Startup Bodega apologizes for upsetting everyone

Startup Bodega accused of cultural insensitivity
Startup Bodega accused of cultural insensitivity

What's in a name? One startup is learning the hard way.

A new startup called Bodega launched Wednesday and has already apologized in the face of mounting outrage.

Folks weren't happy that Bodega appeared to be taking aim at mom-and-pop shops run by hardworking immigrants, while simultaneously misappropriating immigrant culture and celebrating gentrification.

"Despite our best intentions and our admiration for traditional bodegas, we clearly hit a nerve this morning," Bodega wrote in a Medium post. "And we apologize to anyone we've offended. Rather than disrespect to traditional corner stores -- or worse yet, a threat -- we intended only admiration."

The company's concept isn't novel: Position pantry boxes stocked with non-perishable, convenience store items in locations that shoppers frequent -- like gyms and dorms and buildings -- by striking deals with property managers. Users can unlock the box with an app and they'll be charged for whatever the cameras record them taking. Its logo is a cat -- a nod to the animal that so often takes up residence at a traditional corner store.

The company, founded by Paul McDonald and Ashwath Rajan, was profiled in a Fast Company article titled "Two Ex-Googlers Want To Make Bodegas And Mom-And-Pop Corner Stores Obsolete" that quickly went viral on Wednesday.

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In the article, McDonald said he was "not particularly concerned" about the startup coming off as culturally insensitive.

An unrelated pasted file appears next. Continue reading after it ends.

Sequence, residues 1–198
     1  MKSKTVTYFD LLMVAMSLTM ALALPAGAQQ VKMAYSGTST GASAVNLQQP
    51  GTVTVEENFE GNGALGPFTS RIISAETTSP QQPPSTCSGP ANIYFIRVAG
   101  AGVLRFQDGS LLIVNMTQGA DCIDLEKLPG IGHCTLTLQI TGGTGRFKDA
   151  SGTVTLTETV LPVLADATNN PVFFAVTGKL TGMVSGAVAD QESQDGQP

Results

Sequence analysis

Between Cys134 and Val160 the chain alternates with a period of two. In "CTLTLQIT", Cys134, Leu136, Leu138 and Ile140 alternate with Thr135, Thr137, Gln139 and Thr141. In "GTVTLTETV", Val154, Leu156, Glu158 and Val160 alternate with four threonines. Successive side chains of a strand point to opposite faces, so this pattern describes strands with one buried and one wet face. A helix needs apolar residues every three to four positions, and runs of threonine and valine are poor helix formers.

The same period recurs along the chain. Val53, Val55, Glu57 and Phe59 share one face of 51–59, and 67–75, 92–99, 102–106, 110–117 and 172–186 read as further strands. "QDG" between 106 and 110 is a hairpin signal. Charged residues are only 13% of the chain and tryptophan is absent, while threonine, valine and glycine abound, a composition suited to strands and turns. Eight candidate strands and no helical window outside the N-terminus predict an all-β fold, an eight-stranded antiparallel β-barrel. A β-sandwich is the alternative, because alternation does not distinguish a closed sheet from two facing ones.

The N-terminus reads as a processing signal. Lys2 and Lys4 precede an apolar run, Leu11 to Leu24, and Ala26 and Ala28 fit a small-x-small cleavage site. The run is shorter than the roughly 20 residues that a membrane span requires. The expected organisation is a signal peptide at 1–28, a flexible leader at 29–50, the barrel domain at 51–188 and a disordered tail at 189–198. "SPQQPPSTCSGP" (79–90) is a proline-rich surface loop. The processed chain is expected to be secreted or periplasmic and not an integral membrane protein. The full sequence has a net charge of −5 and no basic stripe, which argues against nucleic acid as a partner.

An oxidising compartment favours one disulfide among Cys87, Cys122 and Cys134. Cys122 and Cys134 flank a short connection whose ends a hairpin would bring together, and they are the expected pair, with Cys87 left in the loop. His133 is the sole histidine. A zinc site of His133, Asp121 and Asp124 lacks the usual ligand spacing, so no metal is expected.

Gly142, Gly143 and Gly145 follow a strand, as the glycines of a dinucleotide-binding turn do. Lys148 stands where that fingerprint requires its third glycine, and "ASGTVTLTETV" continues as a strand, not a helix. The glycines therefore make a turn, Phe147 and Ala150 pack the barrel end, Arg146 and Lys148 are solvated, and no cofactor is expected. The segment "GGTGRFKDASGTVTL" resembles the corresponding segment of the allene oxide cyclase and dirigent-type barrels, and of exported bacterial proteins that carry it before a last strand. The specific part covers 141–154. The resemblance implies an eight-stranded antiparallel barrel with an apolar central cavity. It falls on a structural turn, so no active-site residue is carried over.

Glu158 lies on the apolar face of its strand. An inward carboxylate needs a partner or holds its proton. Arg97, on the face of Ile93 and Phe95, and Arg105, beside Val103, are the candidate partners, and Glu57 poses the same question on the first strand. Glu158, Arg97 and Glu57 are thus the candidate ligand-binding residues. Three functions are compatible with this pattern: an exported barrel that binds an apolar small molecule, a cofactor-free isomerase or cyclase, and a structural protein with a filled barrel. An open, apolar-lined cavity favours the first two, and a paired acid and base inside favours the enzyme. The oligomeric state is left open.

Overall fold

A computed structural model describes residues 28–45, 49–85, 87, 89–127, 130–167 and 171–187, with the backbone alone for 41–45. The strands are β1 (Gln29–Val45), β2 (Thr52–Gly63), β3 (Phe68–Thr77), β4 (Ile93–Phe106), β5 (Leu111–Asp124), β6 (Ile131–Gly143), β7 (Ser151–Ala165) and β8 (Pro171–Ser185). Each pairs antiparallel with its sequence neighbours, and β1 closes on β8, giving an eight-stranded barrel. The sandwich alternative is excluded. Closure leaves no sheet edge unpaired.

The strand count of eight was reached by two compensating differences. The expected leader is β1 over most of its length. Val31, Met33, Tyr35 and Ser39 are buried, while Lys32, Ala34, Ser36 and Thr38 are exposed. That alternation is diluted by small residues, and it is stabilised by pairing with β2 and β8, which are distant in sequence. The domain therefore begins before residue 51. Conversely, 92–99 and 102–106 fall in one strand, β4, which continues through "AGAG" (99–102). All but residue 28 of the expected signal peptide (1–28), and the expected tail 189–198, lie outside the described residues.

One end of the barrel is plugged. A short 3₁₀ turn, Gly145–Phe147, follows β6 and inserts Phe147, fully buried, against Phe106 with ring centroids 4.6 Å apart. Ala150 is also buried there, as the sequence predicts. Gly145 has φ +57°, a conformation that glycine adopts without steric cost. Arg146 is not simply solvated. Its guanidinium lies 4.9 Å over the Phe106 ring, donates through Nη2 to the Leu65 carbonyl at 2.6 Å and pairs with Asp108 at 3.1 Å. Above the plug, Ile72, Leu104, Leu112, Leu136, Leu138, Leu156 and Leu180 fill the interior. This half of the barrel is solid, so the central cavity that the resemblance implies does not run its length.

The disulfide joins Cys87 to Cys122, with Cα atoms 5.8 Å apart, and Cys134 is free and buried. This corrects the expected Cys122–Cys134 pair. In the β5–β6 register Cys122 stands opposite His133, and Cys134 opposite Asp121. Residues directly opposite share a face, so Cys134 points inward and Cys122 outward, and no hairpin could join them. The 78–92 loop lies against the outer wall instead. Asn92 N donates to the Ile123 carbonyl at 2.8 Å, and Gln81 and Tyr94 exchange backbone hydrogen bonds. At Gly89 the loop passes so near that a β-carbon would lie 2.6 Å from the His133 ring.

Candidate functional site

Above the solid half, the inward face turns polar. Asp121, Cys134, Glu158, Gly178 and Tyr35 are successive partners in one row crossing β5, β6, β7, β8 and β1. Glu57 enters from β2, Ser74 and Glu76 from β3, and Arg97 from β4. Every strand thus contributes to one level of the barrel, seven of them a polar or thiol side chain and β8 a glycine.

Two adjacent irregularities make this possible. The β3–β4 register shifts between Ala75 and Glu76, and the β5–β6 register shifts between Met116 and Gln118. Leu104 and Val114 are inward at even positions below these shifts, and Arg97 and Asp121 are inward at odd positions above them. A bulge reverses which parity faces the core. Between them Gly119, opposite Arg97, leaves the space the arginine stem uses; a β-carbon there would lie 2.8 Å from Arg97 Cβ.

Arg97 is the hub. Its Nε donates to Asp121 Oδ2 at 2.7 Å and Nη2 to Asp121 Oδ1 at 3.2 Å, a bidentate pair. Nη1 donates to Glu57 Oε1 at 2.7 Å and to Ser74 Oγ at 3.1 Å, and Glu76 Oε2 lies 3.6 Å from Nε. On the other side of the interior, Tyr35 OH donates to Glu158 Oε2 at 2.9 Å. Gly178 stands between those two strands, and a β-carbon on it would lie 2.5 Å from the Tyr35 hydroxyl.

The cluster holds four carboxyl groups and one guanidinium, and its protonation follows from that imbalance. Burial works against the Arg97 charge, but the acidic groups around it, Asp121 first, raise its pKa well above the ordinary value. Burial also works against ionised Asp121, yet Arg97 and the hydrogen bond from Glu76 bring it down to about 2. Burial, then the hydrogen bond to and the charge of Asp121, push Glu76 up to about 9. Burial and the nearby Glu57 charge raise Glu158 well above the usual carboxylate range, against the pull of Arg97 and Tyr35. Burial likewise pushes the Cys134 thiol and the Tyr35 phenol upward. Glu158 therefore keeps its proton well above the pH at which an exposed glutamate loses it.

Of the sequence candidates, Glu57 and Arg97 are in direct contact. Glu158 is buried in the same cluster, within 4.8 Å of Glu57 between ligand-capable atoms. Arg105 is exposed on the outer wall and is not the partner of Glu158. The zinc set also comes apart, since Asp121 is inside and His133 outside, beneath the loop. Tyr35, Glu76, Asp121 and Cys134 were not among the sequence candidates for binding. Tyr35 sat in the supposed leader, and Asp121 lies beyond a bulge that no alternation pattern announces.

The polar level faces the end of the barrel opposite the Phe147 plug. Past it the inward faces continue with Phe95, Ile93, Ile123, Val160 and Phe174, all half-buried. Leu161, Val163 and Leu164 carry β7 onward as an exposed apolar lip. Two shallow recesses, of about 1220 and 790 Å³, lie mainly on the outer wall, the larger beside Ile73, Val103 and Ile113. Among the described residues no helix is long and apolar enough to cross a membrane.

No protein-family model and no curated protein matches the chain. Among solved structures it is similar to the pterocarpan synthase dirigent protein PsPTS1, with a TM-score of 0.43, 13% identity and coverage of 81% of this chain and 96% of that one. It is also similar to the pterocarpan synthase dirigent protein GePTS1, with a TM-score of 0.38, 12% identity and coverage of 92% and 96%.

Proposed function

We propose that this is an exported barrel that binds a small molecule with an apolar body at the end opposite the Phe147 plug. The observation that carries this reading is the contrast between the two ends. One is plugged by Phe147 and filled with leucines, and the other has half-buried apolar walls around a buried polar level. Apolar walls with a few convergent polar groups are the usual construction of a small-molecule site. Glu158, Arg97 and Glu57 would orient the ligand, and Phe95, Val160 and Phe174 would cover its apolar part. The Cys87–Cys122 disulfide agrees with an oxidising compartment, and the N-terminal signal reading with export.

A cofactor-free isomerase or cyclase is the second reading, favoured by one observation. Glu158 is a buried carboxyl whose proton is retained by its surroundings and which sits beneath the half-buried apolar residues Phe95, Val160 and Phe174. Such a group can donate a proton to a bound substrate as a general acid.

"We did surveys in the Latin American community to understand if they felt the name was a misappropriation of that term or had negative connotations, and 97% said 'no'. It's a simple name and I think it works," cofounder Paul McDonald told the magazine.

On Wednesday afternoon, he conceded that "... it's clear that we may not have been asking the right questions of the right people."

McDonald says he doesn't want to put the mom-and-pop shops out of business.

"We want to build a shopping experience that stands for convenience and ubiquity for people who don't have easy access to a corner store," he wrote, apologizing to anyone offended.

"We commit to reviewing the feedback and understanding the reactions from today. Our goal is to build a longterm, durable, thoughtful business and we want to make sure our name -- among other decisions we make -- reflects those values."

The tech industry has been pilloried for forcing gentrification in major cities like San Francisco. Longtime natives have criticized the industry for driving up rents and destroying the city's character.

"Weird that they're calling this heinous vending machine 'Bodega' and not 'Gentrification Box,'" tweeted one person.

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Others criticized the startup for downplaying the actual charm -- and true utility of bodegas.

"'Bodega' box not gonna have Spanish chunes [choice music] in the background [or be] able to make me a bacon egg and cheese fresh so I'm good," tweeted another person.

There are real threats to traditional bodega owners, though: Rising rents, which have priced some out of business.

"It's blatant. they want the convenience of the bodega without having to interact with the people whose neighborhood they invaded," tweeted another person.

According to Fast Company, McDonald and Rajan raised funds from prominent investors like First Round Capital's Josh Kopelman, Forerunner Ventures' Kirsten Green, and Homebrew's Hunter Walk. Bodega has raised $2.5 million, according to TechCrunch.

These investors did not respond to CNN Tech's request for comment.

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